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Please use this identifier to cite or link to this item: http://hdl.handle.net/10400.5/4266

Title: Modelling spacial and temporal variability in a zero-inflated variable: the case of scot pine (Pinus pinea) cone production
Authors: Calama, Rafael
Mutke, Sven
Tomé, José
Gordo, Javier
Montero, Gregorio
Tomé, Margarida
Keywords: zero-inflated
seed production
non-wood forest product
cycling masting
weather tracking
resource depletion
Issue Date: 2011
Publisher: Elsevier
Citation: "Ecological Modelling". ISSN 0304-3800. 222 (3) (2011) 606-618
Abstract: Modelling masting habit, i.e. the spatial synchronized annual variability in fruit production, is a huge task due to two main circumstances: (1) the identification of main ecological factors controlling fruiting processes, and (2) the common departure of fruit data series from the main basic statistical assumptions of normality and independence. Stone pine (Pinus pinea L.) is one of the main species in the Mediterranean basin that is able to grow under hard limiting conditions (sandy soils and extreme continental climate), and typically defined as a masting species. Considering the high economical value associated with edible nut production, the masting habit of stone pine has been a main concern for the forest management of the species. In the present work we have used annual fruit data series from 740 stone pine trees measured during a 13 years period (1996–2008) in order: (a) to verify our main hypothesis pointing out to the existence of a weather control of the fruiting process in limiting environments, rather than resource depletion or endogenous inherent cycles; (b) to identify those site factors, stand attributes and climate events affecting specific traits involved in fruiting process; and (c) to construct a model for predicting spatial and temporal patterns of variability in stone pine cone production at different spatial extents as region, stand and tree. Given the nature of the data, the model has been formulated as zero-inflated log-normal, incorporating random components to carry out with the observed lack of independence. This model attains efficiencies close to 70–80% in predicting temporal and spatial variability at regional scale. Though efficiencies are reduced according to the spatial extent of the model, it leads to unbiased estimates and efficiencies over 35–50% when predicting annual yields at tree or stand scale, respectively. In this sense, the proposed model is a main tool for facilitating decision making in some management aspects such as the quantification of total amount of cones annually supplied to nut industry, design of cone harvest programs or the optimal application of seedling felling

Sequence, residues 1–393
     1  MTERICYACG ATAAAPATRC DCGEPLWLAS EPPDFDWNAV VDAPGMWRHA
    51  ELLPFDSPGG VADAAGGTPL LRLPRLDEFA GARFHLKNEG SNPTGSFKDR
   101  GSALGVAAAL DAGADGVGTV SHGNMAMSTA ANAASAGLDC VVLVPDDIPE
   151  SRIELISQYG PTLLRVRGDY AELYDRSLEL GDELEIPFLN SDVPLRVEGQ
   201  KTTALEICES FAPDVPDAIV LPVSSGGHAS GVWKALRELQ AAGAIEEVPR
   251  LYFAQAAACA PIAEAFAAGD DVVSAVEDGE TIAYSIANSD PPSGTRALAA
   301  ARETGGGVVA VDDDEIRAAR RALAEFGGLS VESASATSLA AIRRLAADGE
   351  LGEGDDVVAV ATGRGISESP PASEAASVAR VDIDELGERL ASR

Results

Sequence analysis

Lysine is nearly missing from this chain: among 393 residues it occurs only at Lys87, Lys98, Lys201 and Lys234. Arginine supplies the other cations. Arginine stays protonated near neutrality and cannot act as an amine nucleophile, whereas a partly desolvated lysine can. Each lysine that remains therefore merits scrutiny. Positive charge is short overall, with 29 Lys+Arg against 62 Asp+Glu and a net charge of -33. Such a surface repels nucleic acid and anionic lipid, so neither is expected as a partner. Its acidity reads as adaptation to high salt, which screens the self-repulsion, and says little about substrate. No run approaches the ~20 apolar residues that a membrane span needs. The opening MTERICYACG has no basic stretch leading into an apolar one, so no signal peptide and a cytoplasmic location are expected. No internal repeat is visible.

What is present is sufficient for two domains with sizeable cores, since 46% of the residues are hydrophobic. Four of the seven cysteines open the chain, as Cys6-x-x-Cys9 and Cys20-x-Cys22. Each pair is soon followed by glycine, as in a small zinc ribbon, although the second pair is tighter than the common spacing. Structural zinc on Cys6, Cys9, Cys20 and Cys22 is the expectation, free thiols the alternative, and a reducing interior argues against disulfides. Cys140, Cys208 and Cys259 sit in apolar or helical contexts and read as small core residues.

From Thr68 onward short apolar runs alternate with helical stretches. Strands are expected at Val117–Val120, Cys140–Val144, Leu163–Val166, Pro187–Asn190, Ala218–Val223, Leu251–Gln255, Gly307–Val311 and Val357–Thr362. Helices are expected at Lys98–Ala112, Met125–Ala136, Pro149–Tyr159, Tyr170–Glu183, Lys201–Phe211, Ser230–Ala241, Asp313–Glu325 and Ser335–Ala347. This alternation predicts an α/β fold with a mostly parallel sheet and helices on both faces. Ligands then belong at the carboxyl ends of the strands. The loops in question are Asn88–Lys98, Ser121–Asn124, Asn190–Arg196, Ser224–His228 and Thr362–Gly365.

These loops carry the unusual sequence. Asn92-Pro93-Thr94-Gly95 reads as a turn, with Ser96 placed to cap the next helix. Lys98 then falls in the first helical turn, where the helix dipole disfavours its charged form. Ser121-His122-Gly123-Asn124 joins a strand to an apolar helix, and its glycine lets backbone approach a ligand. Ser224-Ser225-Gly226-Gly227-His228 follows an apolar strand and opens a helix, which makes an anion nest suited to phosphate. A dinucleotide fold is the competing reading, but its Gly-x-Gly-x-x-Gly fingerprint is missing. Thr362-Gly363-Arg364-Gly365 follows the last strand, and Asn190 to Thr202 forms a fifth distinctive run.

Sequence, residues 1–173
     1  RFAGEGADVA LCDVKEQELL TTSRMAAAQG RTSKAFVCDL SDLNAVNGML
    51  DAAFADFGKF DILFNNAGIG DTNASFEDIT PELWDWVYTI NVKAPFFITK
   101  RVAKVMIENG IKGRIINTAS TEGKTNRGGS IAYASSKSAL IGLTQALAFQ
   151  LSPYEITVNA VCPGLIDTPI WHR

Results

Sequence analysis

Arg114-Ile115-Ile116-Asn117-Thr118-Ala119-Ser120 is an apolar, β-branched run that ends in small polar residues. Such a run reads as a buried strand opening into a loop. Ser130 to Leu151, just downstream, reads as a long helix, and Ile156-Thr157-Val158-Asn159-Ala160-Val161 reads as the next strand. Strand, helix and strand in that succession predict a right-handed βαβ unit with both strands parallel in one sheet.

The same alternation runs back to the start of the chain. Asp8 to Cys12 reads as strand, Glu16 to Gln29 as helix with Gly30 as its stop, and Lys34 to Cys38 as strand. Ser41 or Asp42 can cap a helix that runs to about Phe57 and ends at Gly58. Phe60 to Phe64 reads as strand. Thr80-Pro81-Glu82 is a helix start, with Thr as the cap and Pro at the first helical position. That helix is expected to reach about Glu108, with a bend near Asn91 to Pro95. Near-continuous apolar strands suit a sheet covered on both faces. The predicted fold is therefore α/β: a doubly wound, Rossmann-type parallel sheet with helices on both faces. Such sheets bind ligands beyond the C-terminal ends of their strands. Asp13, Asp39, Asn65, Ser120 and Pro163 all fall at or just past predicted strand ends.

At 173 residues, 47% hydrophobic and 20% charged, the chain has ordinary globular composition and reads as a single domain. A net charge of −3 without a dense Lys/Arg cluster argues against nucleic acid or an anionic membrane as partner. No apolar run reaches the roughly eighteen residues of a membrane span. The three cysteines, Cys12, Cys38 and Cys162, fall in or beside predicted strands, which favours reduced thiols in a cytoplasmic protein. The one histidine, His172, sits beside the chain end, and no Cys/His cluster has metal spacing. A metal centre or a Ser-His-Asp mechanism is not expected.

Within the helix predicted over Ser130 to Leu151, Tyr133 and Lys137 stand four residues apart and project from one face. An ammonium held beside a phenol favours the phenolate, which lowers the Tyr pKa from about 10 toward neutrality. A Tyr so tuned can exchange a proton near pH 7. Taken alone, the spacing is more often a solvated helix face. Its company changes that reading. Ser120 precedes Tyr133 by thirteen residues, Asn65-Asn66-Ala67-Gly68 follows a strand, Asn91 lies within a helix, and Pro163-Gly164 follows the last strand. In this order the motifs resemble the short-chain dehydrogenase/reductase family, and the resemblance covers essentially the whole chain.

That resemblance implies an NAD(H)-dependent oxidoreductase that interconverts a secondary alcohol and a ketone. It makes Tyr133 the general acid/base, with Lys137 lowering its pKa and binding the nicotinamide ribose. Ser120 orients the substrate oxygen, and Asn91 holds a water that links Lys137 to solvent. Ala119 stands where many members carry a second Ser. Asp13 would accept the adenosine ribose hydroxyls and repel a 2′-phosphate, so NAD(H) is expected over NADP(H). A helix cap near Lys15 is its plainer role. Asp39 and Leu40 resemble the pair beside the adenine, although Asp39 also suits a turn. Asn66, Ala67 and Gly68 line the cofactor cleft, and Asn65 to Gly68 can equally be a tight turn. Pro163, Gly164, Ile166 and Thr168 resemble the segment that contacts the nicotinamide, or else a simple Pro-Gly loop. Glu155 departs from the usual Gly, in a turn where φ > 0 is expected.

Description: Available at ScienceDirect
Peer Reviewed: yes
URI: http://hdl.handle.net/10400.5/4266
ISSN: 0304-3800
Publisher version: www.elsevier.com/locate/ecolmodel
Appears in Collections:DRAT - Artigos de Revistas

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